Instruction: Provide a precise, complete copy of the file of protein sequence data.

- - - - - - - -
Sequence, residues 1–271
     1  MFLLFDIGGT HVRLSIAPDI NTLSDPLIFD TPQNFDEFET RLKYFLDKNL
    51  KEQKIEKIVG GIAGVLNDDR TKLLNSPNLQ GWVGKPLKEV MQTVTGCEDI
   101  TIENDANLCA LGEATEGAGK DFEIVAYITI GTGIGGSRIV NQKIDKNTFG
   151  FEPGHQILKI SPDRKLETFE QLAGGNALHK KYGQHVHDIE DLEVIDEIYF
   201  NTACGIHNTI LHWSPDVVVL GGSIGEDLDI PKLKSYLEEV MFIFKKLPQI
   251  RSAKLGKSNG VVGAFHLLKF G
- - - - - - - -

Sequence, residues 1–271
     1  MFLLFDIGGT HVRLSIAPDI NTLSDPLIFD TPQNFDEFET RLKYFLDKNL
    51  KEQKIEKIVG GIAGVLNDDR TKLLNSPNLQ GWVGKPLKEV MQTVTGCEDI
   101  TIENDANLCA LGEATEGAGK DFEIVAYITI GTGIGGSRIV NQKIDKNTFG
   151  FEPGHQILKI SPDRKLETFE QLAGGNALHK KYGQHVHDIE DLEVIDEIYF
   201  NTACGIHNTI LHWSPDVVVL GGSIGEDLDI PKLKSYLEEV MFIFKKLPQI
   251  RSAKLGKSNG VVGAFHLLKF G